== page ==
Depositions: how to behave when you are deposed

…Ostrakova had already sworn to herself that she would restrain both her quick temper and her quick tongue, and she now physically enjoined herself to this vow by grabbing a piece of skin on the soft inside of her wrist and inching it through her sleeve with a fierce, sustained pressure under the table, exactly as she had done a hundred times before, in the old days, when such questionings were part of her daily life—When did you last hear from your husband, Ostrakov, the traitor? Name all persons with whom you have associated in the last three months! With bitter experience she had learned the other lessons of interrogation too. A part of her was rehearsing them at this minute, and though they belonged, in terms of history, to a full generation earlier, they appeared to her now as bright as yesterday and as vital: never to match rudeness with rudeness, never to be provoked, never to score, never to be witty or superior or intellectual, never to be deflected by fury, or despair, or the surge of sudden hope that an occasional question might arouse. To match dullness with dullness and routine with routine. [My emphasis]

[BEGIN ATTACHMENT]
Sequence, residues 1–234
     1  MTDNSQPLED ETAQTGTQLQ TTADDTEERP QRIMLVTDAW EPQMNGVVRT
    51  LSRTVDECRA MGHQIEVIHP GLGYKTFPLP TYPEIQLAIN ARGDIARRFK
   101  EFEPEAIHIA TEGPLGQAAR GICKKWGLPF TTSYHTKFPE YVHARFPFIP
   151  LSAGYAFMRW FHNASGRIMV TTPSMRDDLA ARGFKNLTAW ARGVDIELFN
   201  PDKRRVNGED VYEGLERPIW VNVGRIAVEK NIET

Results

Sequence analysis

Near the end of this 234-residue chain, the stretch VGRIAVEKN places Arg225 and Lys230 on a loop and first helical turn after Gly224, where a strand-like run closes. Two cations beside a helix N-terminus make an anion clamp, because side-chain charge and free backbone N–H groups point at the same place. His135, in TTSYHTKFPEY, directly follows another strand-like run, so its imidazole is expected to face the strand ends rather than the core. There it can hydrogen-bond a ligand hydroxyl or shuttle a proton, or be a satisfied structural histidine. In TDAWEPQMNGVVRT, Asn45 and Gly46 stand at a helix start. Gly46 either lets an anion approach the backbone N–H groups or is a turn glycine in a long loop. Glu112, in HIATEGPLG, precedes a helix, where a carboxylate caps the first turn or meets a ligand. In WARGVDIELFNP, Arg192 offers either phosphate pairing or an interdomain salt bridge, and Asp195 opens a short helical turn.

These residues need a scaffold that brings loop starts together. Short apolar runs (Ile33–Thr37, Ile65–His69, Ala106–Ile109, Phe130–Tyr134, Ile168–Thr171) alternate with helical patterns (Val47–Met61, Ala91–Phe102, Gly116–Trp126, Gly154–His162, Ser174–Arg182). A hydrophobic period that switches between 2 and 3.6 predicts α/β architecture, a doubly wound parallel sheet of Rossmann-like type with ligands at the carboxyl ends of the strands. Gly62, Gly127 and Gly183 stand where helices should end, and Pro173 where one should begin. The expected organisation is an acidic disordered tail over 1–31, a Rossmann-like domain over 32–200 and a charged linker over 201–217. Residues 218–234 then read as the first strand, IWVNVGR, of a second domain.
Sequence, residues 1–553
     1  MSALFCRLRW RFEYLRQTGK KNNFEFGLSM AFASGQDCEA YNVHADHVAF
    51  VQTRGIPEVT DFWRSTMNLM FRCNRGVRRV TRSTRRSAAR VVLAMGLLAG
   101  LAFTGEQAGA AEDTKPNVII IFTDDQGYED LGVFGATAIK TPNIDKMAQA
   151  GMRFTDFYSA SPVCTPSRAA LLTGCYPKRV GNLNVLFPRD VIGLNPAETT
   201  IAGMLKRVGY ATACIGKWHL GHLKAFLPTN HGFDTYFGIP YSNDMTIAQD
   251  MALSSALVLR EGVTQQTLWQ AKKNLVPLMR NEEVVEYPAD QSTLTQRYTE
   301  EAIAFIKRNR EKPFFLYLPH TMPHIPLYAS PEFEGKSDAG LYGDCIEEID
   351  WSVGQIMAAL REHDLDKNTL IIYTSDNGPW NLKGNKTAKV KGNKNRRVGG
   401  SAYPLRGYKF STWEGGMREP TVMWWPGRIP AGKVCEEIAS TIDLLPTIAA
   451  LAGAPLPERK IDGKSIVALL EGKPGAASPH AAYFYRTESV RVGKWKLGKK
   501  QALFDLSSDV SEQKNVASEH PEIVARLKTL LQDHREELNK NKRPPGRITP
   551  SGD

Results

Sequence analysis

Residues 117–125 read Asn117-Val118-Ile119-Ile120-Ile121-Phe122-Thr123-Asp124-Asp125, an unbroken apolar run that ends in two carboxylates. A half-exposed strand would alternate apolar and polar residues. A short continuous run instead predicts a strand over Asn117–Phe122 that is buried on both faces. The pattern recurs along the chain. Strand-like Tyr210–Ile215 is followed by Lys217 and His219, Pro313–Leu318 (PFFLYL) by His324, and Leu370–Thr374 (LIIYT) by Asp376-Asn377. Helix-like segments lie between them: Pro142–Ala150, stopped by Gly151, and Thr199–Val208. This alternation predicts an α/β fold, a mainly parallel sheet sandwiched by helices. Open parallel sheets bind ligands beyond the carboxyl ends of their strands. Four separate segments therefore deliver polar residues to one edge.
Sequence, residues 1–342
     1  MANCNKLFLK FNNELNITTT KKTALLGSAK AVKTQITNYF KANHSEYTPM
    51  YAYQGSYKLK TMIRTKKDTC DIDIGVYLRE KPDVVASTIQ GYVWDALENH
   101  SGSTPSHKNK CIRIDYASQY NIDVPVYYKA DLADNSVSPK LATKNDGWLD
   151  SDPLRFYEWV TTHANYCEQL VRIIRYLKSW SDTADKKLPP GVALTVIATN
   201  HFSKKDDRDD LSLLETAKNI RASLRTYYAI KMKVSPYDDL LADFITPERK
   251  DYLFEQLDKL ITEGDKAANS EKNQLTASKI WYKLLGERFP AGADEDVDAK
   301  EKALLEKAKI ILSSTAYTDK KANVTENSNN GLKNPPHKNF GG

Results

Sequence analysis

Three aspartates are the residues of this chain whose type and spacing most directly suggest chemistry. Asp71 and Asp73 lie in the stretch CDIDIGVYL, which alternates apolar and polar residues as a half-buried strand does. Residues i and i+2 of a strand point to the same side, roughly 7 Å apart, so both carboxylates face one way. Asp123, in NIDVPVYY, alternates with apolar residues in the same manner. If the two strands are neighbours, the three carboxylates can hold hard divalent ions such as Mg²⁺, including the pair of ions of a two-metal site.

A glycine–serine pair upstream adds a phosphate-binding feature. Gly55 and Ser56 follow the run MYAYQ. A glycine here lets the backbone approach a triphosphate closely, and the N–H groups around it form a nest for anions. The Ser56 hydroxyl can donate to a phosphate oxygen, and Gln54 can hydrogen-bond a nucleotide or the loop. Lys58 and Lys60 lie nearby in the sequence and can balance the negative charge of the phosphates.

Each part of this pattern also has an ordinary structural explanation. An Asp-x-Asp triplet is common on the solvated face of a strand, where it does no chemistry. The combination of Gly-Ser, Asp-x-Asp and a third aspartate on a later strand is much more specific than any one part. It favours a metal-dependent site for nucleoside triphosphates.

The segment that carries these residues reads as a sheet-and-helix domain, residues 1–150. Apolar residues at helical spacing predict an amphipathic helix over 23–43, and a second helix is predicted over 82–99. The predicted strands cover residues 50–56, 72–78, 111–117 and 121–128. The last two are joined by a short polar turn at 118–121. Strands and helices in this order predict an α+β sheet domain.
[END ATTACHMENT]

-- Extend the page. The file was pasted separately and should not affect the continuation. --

— From Smiley’s People, by John le Carré

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